Before the arrival of digital cameras we were limited in the number of photos we could take by the cost of film and processing. Now we take take as many pictures as we like, but unless we have learned some basic techniques the results are often disappointing. Carole Drake has been? photographing and writing about gardens since 2004 and recently won a prize in the Garden Photographer of the Year competition so is an expert guide. Pick up some tips from her article which I found on the Gardening Know How website.
Have you ever got your camera out to take a photograph of your garden and been disappointed with the results? Whether you?re using your phone, a compact camera or a fancy bells and whistles digital SLR there are a few simple tips that can help you make a record of your garden, or take an atmospheric picture of it in all its glory.
Light ? the word photography means drawing with light, an amalgam of the Greek words, photos (light) and graphein (to draw). Without light there is no photographic image. But there can be too much light, or the wrong sort of light and this is where many amateurs fall at the first hurdle. A bright summer?s day with not a single cloud in the sky is not the ideal time to get your camera out, particularly not in the middle of the day when the sun is directly over head acting like a powerful naked light bulb more suited to interrogating a suspect than revealing the subtle beauty of plants. Strong shadows create random dark shapes across the image, whilst other areas can be blindingly bright looking ?blown out?, appearing as areas of white with no detail in them. The human eye is much more able to deal with extreme contrasts than a camera is. Shooting in these conditions produces harsh, contrasty images where either the darks or lights are properly exposed, never both.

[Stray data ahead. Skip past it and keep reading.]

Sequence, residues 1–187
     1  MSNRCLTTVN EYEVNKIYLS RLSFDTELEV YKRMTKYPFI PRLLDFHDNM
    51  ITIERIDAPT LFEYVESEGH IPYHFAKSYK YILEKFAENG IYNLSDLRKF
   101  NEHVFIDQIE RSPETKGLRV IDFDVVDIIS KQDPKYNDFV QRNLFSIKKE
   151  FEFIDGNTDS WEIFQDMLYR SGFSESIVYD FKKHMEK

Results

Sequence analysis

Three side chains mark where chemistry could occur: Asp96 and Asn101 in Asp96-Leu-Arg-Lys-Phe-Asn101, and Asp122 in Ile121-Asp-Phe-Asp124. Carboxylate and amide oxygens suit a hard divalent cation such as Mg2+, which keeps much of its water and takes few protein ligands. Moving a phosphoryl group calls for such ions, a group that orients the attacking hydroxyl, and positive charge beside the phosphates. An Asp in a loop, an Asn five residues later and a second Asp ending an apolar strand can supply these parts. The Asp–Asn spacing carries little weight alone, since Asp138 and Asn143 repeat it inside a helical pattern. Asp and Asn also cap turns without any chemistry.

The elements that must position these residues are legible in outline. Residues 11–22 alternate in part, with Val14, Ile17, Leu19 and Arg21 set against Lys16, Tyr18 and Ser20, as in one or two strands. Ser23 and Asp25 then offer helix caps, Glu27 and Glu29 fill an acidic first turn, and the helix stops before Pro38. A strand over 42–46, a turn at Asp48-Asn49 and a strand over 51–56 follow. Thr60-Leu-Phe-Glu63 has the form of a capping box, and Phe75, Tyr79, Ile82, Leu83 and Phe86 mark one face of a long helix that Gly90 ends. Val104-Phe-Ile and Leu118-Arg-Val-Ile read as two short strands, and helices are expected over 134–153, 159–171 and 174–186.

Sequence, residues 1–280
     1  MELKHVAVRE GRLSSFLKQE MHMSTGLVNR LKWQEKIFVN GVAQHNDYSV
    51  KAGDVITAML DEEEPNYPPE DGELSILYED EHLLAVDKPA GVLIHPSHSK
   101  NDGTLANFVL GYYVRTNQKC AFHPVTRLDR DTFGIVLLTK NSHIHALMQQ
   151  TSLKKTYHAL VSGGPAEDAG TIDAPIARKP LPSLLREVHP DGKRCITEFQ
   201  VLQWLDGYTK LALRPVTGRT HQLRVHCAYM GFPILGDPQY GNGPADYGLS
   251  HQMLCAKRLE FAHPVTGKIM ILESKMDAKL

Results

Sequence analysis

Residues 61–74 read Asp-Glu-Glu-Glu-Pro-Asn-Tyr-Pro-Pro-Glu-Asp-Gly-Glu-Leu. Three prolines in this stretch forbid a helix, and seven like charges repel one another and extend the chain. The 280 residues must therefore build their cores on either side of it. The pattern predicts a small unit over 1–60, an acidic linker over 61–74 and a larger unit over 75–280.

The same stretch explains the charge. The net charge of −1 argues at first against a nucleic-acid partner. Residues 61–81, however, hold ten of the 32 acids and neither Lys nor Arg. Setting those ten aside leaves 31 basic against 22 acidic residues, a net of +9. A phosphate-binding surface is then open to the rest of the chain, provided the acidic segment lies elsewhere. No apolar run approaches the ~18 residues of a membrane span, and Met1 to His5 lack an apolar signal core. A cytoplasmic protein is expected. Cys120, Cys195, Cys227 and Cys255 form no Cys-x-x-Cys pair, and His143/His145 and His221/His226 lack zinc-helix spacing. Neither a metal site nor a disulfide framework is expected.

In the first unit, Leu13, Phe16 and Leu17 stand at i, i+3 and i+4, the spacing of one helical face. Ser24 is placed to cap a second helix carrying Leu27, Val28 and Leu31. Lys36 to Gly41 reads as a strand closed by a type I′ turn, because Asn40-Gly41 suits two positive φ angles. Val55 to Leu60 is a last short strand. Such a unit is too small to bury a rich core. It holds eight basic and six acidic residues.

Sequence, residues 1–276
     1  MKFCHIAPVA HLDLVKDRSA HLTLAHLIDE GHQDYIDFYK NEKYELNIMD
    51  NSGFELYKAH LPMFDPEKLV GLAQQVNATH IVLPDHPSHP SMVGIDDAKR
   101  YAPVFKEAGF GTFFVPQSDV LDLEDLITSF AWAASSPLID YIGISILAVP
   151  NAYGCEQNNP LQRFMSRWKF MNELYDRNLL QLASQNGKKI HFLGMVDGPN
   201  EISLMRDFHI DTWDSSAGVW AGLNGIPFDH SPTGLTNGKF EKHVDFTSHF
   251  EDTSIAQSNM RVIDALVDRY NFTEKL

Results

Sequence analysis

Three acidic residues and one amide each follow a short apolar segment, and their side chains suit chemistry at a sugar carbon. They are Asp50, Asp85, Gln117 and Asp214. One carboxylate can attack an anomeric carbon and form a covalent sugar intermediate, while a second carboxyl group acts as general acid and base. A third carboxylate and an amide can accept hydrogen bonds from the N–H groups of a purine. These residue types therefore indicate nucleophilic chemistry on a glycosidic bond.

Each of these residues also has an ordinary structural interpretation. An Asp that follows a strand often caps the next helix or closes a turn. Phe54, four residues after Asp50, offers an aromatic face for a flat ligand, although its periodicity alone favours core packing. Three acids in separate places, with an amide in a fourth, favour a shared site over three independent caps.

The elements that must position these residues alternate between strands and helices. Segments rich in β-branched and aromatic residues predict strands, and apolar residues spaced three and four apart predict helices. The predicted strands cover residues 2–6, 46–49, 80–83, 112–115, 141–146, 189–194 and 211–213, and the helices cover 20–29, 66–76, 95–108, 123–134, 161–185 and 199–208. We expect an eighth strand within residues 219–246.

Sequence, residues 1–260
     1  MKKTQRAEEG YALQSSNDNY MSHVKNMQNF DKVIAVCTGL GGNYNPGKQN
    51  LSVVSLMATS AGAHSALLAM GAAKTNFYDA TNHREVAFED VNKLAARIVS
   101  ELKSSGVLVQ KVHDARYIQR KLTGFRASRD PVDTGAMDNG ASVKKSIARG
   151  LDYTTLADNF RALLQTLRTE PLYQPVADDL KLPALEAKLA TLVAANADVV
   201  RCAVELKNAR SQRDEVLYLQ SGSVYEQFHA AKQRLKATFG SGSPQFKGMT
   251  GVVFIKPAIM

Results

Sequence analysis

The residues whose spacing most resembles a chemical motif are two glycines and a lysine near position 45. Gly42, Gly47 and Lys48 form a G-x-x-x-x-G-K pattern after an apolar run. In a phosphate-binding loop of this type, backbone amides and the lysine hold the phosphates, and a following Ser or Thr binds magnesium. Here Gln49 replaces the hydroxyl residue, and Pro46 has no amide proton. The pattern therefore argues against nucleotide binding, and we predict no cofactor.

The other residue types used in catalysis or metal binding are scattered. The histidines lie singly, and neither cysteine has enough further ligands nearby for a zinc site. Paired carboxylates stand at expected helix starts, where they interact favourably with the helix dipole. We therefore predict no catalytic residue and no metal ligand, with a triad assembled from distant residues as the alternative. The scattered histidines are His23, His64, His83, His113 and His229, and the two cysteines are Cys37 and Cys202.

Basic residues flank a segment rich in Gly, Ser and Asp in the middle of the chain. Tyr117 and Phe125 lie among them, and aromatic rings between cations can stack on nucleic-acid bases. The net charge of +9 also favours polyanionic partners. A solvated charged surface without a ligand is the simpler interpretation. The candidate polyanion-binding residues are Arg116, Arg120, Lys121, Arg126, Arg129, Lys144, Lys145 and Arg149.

Dawn and dusk are the best times of day to photograph outside, when the low sun spreads soft rays across your garden shining light through leaves and flowers, illuminating them like a stained glass window. Working with early morning or evening sun can be thrilling, especially using trees or plants to filter it.
Windy Hall, Windermere, Cumbria, EnglandHere I used trees and foliage as a screen or filter so I could shoot directly into the sunlight to catch a great light effect. This was at dawn so the sun was coming up over the hill and raking down through the trees and across the small pond. Luckily there was also a mist at the time which further softened the sunlight making it possible to shoot without it blasting the camera with too fierce a light. The sun was moving fast so I took a lot of shots very quickly and then this wonderful effect was gone.
See more at Gardening Know How